Icelandic Black-tailed Godwits have been popping-up at both coastal and inland sites this week, and the number of migrating Whimbrel, Curlew and Redshank is beginning to increase. Whilst it is exciting to see common waders on the move, the real excitement comes in what might be moving with them, and anyone looking for rarer waders were not to be disappointed this week. Top billing has to go to Britain’s fourth ever Great Knot, found during a Wetland Bird Survey at Breydon Water, Norfolk. The same county also hosted a Stilt Sandpiper and a Black-winged Pratincole, whilst just over the border, a Collared Pratincole was found at Minsmere, Suffolk.

Mediterranean Gull by Andy Mason

It is not only waders that are on the move, during the last week or so, several thousand Swifts have been recorded heading south over Spurn, East Yorkshire, with the highest single day count reaching 9,050 birds.
Gulls are a lot more evident too, here at the BTO headquarters in Thetford, post breeding Lesser-Black-backed and Black-headed Gulls have begun to frequent the nearby green spaces, and the annual passage of Mediterranean Gulls has also got underway, double figures of this species were recorded on the move at Breydon Water, Norfolk, and Christchurch Harbour, Dorset. A colour-ringed second-summer bird at the latter site was ringed as a chick in a colony in Lithuania in 2012, giving us a clue as to the possible origin of some of these passage birds.

Our satellite-tagged Cuckoos are also well on their way, with the first three birds having successfully crossed the Sahara desert, two from Devon and one from Sherwood Forest. Only one of the tagged birds – twenty-two in all – remains in the UK, in Norfolk, the other eighteen are spread across nine different countries, from England to Sudan; truly birds without borders. Follow all of them as they continue on their journey south on the BTO website.

Wilson's Petrel by Joe Pender

Seawatching could also be the order of the day for west coast-based birders. The first Wilson’s Petrels have been seen from Scilly pelagics this week, along with the first few Cory’s Shearwaters from various sites.

The weather forecast for the next few days, and into the early part of next week is a mixed bag, but there is a short period of north-westerly wind forecast for northern Britain over the weekend, which could result in more Black-tailed Godwit, Redshank and Whimbrel on the move. A return to easterly airflow – forecast for Monday - should see Common Scoter on the move, and the possibility of one or two more exciting waders from further east. I’d be happy with either Greater, or Lesser Sandplover, and to round off the trio perhaps an Oriental Pratincole might grace an eastern county.

Paul Stancliffe

Friday, 23 May 2014

Migration slowing down

This week has been a classic mid-may week. Passerine numbers have slowed right down – most are now here and many are already feeding the young of their first broods – however, waders have been more prominent with some top drawer scarcities joining the Dunlin, Sanderling, Turnstone, Bar-tailed Godwit and Whimbrel as they pass through the UK to arctic breeding grounds. From the east, came a Terek Sandpiper, found in Lincolnshire and a Broad-billed Sandpiper also in Lincolnshire. Two summer plumaged Spotted Sandpipers, a couple of Lesser Yellowlegs and Pectoral Sandpipers and a Buff-breasted Sandpiper came from the west, whilst the south produced a further influx of Black-winged Stilts and a single Kentish Plover, we can expect more of the same over the next couple of weeks.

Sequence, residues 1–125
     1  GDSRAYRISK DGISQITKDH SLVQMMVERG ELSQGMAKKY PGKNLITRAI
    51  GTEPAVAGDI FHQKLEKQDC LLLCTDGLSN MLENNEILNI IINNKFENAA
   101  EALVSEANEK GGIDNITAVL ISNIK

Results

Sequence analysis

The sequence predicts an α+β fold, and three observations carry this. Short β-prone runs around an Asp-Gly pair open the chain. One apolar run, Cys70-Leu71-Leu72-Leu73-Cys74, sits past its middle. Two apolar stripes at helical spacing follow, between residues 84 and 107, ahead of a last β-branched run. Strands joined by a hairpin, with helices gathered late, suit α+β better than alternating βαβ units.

Terek Sandpiper by Andy Mason

With over twenty birds being reported at sites from the south coast as far north as Yorkshire, Bee-eater has to be the bird of the week. Other southern overshoots included at least ten Black Kites, five Hoopoes, five Red-rumped Swallows and at least three Great Reed Warblers, whilst a Red-footed Falcon and a handful of Red-backed Shrikes and Bluethroats and, at least two White-winged Black Terns came from the south-east.
Bee-eater by Su Gough

The biggest rarity of the week came in the form of one of the world’s rarest birds, a Cahow, or Bermuda Petrel, seen from a survey vessel 170 nautical miles WNW of County Kerry, and with a world population of around 500 birds it somewhat overshadowed Britain’s eighteenth Calandra Lark, found on Fair Isle.

With low pressure wheeling over the country and drawing air in from a southerly direction we may well see an arrival of Quail and a few classic mid-May birds such as Red-backed Shrike, Marsh Warbler and Wryneck, and if we get any appreciable easterly airflow, maybe a rarity such as Oriental Pratincole or Marsh Sandpiper, and if you’re out and about birding over the Bank Holiday weekend, don’t forget to submit your complete lists to BirdTrack and make your observations count.

Friday, 9 May 2014

World Migratory Bird Day

This weekend sees the celebration of World Migratory Bird Day, an initiative that seeks to raise the profile of migratory birds across the world.

Cuckoo by Steve Ashton

Migration is probably one of the most hazardous things that any bird may undertake, our satellite tagged Cuckoos are testament to that. We have lost birds to bad weather; Martin the Cuckoo was caught in a severe and unseasonal hail storm in southern Spain in spring 2012. Other birds have been defeated by the extremely arduous crossing of the Sahara, whilst some found it difficult to fatten-up during the wet, cold 2012 summer here in the UK, hampering their progress south.